When Health Care and Law Enforcement Overlap: Policy and Practice

When Health Care and Law Enforcement Overlap: Policy and Practice

Virtual Symposium

Free and open to the public. Registration required.

Injuries and illnesses requiring emergency medical care often attract responses from law enforcement, and law enforcement officers are frequently present in hospitals. Anyone seeking emergency care might encounter law enforcement in the hospital, but this is particularly true for survivors of violent crime, incarcerated patients, survivors of sexual assault and intimate partner violence, patients experiencing psychiatric emergencies, undocumented immigrants, and individuals with substance use disorders. How do individual health, public safety, legal rights, and ethics intersect? Standardized policies and practices are needed to navigate professional conflicts and balance health and safety concerns.
Co-hosted by Penn LDI and the Penn Department of Emergency Medicine, this multidisciplinary symposium will bring together frontline providers, legal experts, health care workers, social scientists, and researchers to explore these issues and expand the conversation on law enforcement and clinical care. 

Co-sponsored by Penn MedicineTrauma Center, Penn Injury Science Center, and Campaign for Community at the Penn Provost Office.

Questions? Please contact Healthcare.LawEnforcementPenn@gmail.com.


1:00–1:15 p.m. ET: Welcome & Introductory Remarks

1:15–2:00 p.m. ET: Providing Health Care in the Presence of Law Enforcement
Despite the increasing presence of law enforcement in clinical spaces, there is little formal training in how to navigate the medical, legal and ethical gray areas that accompany this intersection. This panel will explore common clinical scenarios and explore how to apply fundamental medical principles to guide policy and behavior.

2:00–2:15 p.m. ET: Spotlight: Police in the Emergency Department Medical Provider Toolkit

2:15–3:00 p.m. ET: Reconciling the Goals of Public Health and Public Safety
Where law enforcement and health care intersect, the needs and agendas of patients, their clinical team, and law enforcement officials may coincide, conflict, or overlap. How can we strengthen person-centered care in the context of these coexisting challenges? 

3:00–3:15 p.m. ET: Break

3:15–4:00 p.m. ET: Supporting Patients through Advocacy, Organizing, and Social Services: How Communities are Responding to Law Enforcement in Hospitals 
In response to concerns from patients, families, and providers, a multitude of community organizations and activists have launched efforts to address some of the harms caused by the presence of law enforcement in healthcare settings -- particularly in hospitals. This panel will highlight examples of these efforts, including legal advocacy, public campaigns, and social services.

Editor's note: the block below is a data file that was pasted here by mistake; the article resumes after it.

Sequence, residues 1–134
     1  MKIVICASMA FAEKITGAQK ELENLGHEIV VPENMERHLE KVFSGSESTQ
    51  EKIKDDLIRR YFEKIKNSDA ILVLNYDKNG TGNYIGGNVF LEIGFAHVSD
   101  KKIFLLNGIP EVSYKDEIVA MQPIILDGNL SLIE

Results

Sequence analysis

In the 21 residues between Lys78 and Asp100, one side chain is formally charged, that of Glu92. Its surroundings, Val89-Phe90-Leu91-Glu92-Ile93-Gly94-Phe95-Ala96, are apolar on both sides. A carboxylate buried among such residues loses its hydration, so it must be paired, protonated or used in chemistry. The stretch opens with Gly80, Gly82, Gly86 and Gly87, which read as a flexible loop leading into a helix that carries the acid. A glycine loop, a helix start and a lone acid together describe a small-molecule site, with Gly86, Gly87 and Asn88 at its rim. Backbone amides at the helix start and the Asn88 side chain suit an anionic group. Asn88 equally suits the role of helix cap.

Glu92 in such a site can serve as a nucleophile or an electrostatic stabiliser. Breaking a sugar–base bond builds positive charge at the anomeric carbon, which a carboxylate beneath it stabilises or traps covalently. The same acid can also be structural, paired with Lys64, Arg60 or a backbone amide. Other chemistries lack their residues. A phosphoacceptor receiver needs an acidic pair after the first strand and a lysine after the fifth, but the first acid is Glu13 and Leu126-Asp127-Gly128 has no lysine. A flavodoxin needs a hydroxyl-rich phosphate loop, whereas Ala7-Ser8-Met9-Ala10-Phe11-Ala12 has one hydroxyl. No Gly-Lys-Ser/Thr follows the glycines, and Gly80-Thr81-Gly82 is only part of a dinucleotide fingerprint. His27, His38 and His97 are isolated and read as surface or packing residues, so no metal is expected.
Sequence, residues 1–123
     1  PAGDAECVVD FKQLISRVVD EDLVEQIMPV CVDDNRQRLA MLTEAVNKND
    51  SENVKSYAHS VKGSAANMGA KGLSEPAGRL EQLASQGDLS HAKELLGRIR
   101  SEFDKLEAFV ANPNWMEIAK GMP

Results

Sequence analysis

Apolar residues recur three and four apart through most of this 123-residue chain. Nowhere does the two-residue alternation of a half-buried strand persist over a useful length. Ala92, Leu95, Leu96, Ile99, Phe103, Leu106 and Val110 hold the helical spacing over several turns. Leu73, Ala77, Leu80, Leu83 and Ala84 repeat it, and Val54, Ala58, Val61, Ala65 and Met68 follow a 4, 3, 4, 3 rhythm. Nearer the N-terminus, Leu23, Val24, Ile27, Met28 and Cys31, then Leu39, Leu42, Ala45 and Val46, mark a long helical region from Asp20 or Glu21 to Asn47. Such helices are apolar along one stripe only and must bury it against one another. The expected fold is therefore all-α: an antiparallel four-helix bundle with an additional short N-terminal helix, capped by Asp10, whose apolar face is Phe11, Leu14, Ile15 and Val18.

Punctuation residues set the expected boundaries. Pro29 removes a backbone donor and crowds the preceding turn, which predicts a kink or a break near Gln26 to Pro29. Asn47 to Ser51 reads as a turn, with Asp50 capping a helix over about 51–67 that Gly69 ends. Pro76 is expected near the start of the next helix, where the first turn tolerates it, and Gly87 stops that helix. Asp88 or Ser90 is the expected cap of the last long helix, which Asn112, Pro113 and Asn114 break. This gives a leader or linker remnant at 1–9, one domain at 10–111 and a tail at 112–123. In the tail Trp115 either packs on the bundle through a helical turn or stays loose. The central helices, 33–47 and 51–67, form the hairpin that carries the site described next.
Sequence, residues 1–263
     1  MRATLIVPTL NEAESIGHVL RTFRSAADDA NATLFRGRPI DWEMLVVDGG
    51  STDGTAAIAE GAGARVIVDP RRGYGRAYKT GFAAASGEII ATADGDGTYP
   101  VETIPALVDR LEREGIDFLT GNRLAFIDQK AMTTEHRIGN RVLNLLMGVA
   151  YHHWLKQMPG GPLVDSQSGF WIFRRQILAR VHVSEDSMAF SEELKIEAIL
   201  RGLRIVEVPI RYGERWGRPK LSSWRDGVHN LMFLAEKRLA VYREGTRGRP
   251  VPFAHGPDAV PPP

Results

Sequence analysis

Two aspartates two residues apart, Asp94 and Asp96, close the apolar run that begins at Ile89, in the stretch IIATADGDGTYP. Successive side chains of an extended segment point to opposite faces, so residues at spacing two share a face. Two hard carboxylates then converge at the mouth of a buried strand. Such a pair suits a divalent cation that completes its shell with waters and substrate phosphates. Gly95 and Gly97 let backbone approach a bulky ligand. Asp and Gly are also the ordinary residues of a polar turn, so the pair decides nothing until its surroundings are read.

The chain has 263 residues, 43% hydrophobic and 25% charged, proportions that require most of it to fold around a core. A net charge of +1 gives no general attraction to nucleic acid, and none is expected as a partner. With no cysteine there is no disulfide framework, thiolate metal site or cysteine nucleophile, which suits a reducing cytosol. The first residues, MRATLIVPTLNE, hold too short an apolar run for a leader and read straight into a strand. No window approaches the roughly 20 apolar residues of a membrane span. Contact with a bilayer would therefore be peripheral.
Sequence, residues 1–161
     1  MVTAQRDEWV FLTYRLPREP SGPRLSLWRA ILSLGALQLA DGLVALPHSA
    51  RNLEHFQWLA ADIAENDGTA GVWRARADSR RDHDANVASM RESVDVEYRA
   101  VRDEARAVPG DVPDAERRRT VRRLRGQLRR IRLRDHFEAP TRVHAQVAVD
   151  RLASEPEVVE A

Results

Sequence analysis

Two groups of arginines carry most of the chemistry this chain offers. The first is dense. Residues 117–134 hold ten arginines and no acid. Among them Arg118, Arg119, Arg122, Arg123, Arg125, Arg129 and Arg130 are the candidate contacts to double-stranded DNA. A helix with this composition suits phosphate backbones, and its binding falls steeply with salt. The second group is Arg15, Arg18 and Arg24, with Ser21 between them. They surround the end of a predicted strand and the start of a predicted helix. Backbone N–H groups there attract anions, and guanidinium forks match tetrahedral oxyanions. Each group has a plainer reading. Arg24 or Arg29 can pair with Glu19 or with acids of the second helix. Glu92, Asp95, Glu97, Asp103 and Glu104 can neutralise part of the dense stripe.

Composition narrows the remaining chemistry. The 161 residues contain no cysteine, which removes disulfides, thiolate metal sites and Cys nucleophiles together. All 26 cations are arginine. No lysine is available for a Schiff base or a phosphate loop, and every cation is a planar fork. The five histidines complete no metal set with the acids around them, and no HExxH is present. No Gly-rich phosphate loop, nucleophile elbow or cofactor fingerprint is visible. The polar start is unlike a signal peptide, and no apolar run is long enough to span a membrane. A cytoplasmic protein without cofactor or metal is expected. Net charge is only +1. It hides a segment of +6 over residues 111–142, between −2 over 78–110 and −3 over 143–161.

4:00–4:15 p.m. ET:  Spotlight: Reconciling Patients' Wellbeing, Public Health, and Public Safety in a Health System

4:15–5:00 p.m. ET: Evidence, Impact, and Context: What We Do and Don’t Know from Multi-Disciplinary Perspectives on Law Enforcement and Health Care
Evidence from multiple disciplines including medicine and public health, law, the social sciences and bioethics is needed to fully understand the relationships between law enforcement procedures and clinical practice. What has already been described through existing research? What are the important questions that remain unanswered? How do we best design a research agenda to drive evidence-based policy and practice? 


Erin Hall, MD, MPH, Department of Surgery and Critical Care Medicine, MedStar Washington Hospital, and Assistant Professor of Surgery, Georgetown University School of Medicine

Sara Jacoby, PhD, MPH, MSN, Assistant Professor, Department of Family and Community Health, Penn Nursing

Tiffani Johnson, MD, MSc, Division of Emergency Medicine, UC Davis Children’s Hospital & Assistant Professor of Pediatrics, UC Davis School of Medicine

Traci Keesee, PhD, Co-Founder and Senior Vice President of Justice Initiatives, Center for Policing Equity

Joseph Richardson Jr., PhD, Professor of African-American Studies and Anthropology, Department of Anthropology, University of Medicine & Department of Epidemiology and Public Health, Division of Preventive Medicine, University of Maryland School of Medicine

Laura Sinko, PhD, MHSP, RN, Assistant Professor, Department of Nursing, Temple University

Ji Seon Song, JD, Assistant Professor of Law, University of California, Irvine School of Law

Kim Sue, MD, PHD, Division of Internal Medicine, Yale School of Medicine, and Medical Director, National Harm Reduction Coalition

Lydia Watts, JD, Executive Director, Rebuild Overcome and Rise Center